Bouquet recommended various strategies for sleeping on a plane, such as taking melatonin before departure, wearing comfortable clothes, bringing a pair of noise-canceling headphones and reducing exposure to electronics before closing your eyes (since bright screens can suppress our natural levels of melatonin). Making yourself as physically comfortable as possible is perhaps the most important when getting some shut-eye.
“There’s a lot of things out there now just for creature comforts,” Bouquet said.
Even if you are on a long economy flight, choose a seat where you know you’ll be comfortable. For example, if you prefer sitting by the window, it could be worth paying extra to select a window seat rather than leaving it up to chance.
Economy seats in the back tend to be quieter since there’s less traffic, according to Bouquet, so you may have an easier time falling asleep if you choose one of these seats.
Many of us at TPG are constantly traveling, so we also have a few tricks for catching some Zs on a plane.
TPG travel news reporter Tarah Chieffi recommends this travel pillow from Trtl, which isn’t as inflated as a typical travel pillow and can wrap around your neck.
Meanwhile, TPG points and miles reporter Kyle Olsen suggests following a routine that closely mimics your typical nighttime routine. For Kyle, this means arriving at the airport wearing his day-of clothes, then changing into pajamas and brushing his teeth in an airport lounge or bathroom before boarding a long flight.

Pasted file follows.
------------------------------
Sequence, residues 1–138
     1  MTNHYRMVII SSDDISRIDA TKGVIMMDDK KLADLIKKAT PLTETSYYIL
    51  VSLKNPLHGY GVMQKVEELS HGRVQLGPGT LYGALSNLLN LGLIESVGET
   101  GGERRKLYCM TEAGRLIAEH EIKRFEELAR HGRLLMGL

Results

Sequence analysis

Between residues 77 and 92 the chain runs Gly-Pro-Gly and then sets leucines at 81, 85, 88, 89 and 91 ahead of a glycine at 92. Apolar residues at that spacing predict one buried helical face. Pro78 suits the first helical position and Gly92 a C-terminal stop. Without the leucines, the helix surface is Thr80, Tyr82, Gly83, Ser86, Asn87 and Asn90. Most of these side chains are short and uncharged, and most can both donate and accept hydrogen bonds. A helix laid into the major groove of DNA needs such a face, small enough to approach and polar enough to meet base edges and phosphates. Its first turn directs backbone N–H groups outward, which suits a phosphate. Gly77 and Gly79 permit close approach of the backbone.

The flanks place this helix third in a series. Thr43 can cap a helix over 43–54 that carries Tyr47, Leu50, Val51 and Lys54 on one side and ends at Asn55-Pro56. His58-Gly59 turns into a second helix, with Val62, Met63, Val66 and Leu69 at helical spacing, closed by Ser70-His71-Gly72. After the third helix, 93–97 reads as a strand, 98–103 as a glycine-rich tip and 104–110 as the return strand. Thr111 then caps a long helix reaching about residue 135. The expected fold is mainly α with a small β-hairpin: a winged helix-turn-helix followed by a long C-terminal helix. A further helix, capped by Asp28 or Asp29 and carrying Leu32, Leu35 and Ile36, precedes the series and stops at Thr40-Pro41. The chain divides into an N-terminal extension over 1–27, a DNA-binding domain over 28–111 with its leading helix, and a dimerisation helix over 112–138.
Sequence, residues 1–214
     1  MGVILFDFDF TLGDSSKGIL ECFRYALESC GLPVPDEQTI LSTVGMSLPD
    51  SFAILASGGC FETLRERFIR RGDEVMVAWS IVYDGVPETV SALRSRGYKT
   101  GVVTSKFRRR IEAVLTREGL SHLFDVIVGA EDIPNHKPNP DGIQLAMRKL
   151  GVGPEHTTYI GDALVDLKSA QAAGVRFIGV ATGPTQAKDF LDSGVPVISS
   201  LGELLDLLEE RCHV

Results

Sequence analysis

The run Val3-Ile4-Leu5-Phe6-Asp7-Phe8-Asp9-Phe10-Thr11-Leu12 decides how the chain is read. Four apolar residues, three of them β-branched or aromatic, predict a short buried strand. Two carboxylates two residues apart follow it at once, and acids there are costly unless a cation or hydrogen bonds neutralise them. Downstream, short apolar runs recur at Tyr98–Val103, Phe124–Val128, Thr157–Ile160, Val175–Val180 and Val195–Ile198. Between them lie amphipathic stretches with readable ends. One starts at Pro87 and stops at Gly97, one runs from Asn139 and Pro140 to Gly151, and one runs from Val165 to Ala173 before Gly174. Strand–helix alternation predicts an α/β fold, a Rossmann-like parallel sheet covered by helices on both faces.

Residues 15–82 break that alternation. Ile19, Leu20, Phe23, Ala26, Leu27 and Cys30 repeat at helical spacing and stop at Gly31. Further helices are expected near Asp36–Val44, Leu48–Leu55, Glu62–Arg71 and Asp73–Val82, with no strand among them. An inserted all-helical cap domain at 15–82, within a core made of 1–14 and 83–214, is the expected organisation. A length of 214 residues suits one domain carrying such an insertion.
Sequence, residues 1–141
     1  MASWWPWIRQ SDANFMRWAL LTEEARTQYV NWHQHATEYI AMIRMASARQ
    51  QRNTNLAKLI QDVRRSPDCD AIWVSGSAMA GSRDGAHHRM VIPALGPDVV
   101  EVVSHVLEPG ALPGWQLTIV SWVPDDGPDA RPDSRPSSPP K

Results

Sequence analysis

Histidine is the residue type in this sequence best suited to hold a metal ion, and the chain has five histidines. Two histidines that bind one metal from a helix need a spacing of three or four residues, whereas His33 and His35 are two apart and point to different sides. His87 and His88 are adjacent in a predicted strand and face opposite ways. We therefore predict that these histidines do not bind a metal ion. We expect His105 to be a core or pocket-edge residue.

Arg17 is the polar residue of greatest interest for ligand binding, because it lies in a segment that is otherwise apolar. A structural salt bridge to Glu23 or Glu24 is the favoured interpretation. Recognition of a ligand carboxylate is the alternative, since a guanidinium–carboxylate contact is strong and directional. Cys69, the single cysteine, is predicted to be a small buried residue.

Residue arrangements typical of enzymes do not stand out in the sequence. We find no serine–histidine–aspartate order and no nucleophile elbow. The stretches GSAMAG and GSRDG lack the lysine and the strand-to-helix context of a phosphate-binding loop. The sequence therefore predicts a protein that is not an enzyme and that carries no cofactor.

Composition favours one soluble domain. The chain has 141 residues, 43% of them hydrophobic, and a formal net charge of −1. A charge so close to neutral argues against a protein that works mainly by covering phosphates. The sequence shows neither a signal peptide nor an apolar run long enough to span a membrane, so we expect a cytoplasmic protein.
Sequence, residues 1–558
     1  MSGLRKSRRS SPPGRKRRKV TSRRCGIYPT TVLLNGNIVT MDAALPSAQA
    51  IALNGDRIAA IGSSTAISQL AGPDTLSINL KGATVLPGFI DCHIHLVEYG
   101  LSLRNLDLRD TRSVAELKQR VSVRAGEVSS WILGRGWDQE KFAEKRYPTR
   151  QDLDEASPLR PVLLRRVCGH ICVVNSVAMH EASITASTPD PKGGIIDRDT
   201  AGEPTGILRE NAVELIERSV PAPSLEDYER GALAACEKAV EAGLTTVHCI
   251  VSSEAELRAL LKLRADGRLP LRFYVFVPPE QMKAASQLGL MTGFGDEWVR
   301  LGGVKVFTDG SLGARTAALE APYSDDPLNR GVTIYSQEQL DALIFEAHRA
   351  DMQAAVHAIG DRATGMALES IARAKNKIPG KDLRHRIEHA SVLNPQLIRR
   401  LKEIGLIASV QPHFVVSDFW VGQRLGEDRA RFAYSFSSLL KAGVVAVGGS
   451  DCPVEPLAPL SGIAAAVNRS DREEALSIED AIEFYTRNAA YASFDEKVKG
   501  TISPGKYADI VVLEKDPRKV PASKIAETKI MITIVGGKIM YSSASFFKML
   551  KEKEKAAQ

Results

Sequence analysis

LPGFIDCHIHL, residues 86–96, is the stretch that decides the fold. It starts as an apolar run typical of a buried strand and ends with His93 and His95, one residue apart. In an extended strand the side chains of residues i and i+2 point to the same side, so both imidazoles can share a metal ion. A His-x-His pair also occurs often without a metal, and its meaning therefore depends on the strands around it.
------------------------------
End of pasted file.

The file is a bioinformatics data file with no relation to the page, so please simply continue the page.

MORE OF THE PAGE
Additionally, Kyle sometimes skips the in-flight meal, making it easier to fall asleep once the plane takes off so he can get at least eight hours of sleep. Before landing, Kyle brushes his teeth and changes out of his pajamas, which helps him feel like he had a normal night of sleep despite flying overnight.
Related: Tips on how to avoid jet lag for your next trip
Our top tips for sleeping on a plane
- Bring your own pillow and/or blanket.
- Wear comfortable clothes.
- Use a sleep mask.
- Follow your usual bedtime routine as close as possible when you’re on the plane.
- Invest in a pair of noise-canceling headphones or earplugs.
- Limit your screen time: Being on your phone, laptop or tablet can make it more difficult to fall asleep.
- If you can, choose a seat you’re most comfortable in, whether it’s window or aisle.
- For longer overseas flights, try taking melatonin.
- Reduce your stress as much as possible: Get to the airport early enough so you’re not the last one to board.
- If you plan on taking a connecting flight to your destination, give yourself enough time to walk around and stretch your legs, so you’re not rushing between flights.
While there are many strategies and tips for sleeping on a plane, what works for you may not be the same as what works for others. At the end of the day, it’s all about finding your customized routine through trial and error.
“It’s really thinking about sleep hygiene in general and working backward,” Bouquet said. “What interferes with that?”
By eliminating as many disruptions to your typical sleep routine as possible and finding creative ways to address any changes, you’ll increase your chances of getting a restful night’s sleep — even while 36,000 feet up in the air.